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One of the other jurors is Sofia Coppola, another member of the small female-director club. She was the first U.S. female filmmaker – and only the third in history – to be nominated as a best director for an Academy Award (for 2003's Lost in Translation).

The jury, which will hand out the Palme d'Or and other prizes on May 24, includes three female actors (France's Carole Bouquet, Iran's Leila Hatami and South Korea's Jeon Do-yeon), two male actors (Mexico's Gael Garcia Bernal and Willem Dafoe from the U.S.) and two male directors (China's Zhangke Jia and Denmark's Nicolas Winding Refn). Overall count: Five women to four men.

When it comes to the film selection, the balance isn't so good. At the April press conference announcing the festival, Cannes chief Thierry Fremaux made a point of noting that this year's official program includes a record 20 per cent female directors.

Well, sort of. There are 49 films in the Cannes program, including the competition, Un Certain Regard, and various out-of-competition and special screenings, some with multiple directors. In total, there are 58 male and 15 female directors. But one film, Bridges of Sarajevo, has 13 directors, and five of those are women, which boosts the count.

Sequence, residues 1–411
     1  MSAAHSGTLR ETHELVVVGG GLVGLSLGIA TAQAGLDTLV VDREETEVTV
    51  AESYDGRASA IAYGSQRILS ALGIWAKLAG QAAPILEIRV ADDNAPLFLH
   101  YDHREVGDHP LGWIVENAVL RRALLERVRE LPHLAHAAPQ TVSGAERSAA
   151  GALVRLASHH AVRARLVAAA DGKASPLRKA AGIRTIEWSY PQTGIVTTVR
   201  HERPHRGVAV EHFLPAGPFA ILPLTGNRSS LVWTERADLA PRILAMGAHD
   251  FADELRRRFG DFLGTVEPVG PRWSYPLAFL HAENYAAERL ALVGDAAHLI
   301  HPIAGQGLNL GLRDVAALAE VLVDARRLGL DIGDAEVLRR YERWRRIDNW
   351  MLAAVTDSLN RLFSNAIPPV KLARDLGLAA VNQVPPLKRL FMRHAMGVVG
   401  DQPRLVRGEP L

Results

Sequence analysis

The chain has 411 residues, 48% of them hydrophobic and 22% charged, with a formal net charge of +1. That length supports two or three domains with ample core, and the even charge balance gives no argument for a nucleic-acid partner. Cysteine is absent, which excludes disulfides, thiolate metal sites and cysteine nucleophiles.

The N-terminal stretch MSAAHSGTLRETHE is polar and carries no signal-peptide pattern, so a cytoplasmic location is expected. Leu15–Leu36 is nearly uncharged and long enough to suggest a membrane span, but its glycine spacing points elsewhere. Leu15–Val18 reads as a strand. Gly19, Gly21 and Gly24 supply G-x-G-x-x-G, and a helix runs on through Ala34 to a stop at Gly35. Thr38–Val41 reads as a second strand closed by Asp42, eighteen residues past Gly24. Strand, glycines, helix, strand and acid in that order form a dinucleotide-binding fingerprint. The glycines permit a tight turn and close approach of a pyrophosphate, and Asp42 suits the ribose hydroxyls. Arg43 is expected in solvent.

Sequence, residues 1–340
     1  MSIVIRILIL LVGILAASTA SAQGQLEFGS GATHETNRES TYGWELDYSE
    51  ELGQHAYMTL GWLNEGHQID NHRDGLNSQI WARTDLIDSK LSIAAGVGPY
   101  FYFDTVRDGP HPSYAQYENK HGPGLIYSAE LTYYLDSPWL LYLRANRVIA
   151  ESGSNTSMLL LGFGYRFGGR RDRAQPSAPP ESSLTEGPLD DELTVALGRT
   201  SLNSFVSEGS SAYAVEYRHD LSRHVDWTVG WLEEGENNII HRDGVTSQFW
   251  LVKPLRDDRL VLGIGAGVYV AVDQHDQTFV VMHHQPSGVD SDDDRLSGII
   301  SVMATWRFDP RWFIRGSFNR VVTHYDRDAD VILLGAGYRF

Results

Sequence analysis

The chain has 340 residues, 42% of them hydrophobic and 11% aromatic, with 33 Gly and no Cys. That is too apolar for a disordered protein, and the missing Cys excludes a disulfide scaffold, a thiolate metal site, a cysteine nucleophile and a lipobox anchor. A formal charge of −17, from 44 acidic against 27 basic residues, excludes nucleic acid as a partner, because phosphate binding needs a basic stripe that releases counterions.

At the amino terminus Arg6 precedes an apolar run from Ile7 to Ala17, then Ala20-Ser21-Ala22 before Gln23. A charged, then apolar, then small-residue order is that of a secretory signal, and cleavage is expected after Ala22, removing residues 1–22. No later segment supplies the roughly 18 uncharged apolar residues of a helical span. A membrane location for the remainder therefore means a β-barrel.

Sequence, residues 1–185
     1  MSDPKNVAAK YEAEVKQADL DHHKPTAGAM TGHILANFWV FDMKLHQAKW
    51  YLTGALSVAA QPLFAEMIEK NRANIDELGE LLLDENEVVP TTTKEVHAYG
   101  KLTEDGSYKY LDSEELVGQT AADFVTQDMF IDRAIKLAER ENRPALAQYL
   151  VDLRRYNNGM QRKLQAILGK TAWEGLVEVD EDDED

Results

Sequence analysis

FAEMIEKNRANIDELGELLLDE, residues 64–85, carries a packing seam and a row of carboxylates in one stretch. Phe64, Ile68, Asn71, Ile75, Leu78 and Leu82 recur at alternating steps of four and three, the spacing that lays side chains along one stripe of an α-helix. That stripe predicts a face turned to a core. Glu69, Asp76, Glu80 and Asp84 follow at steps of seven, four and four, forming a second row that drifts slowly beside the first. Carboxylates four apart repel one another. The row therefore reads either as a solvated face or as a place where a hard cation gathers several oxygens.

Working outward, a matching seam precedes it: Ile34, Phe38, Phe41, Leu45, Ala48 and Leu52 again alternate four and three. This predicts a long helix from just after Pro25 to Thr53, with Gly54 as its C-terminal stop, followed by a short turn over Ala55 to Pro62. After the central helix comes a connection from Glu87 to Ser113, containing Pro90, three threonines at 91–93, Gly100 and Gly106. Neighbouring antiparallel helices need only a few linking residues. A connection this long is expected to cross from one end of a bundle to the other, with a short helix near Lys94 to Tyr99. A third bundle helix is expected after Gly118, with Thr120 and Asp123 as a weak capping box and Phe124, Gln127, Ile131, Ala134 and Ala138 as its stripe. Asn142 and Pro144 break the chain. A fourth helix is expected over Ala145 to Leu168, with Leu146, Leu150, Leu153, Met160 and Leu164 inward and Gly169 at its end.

In the official competition, only two of the 19 directors are women, Japan's Naomi Kawase and Italy's Alice Rohrwacher. That's better than in 2010 and 2012 when no women were in the competition, but just slightly.

"There's some inherent sexism in the industry," said Campion at the jury's press conference. "Thierry Fremaux told us that only 7 per cent of the 1,800 films submitted were by women, but there are 20 per cent women in the different programs. It does very feel very undemocratic and women do notice, you know. Time and time again, we don't get our fair representation. Excuse me, gentlemen, but the guys seem to get all the cake."

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About the Author
Film critic

Liam Lacey is a film critic for The Globe and Mail. More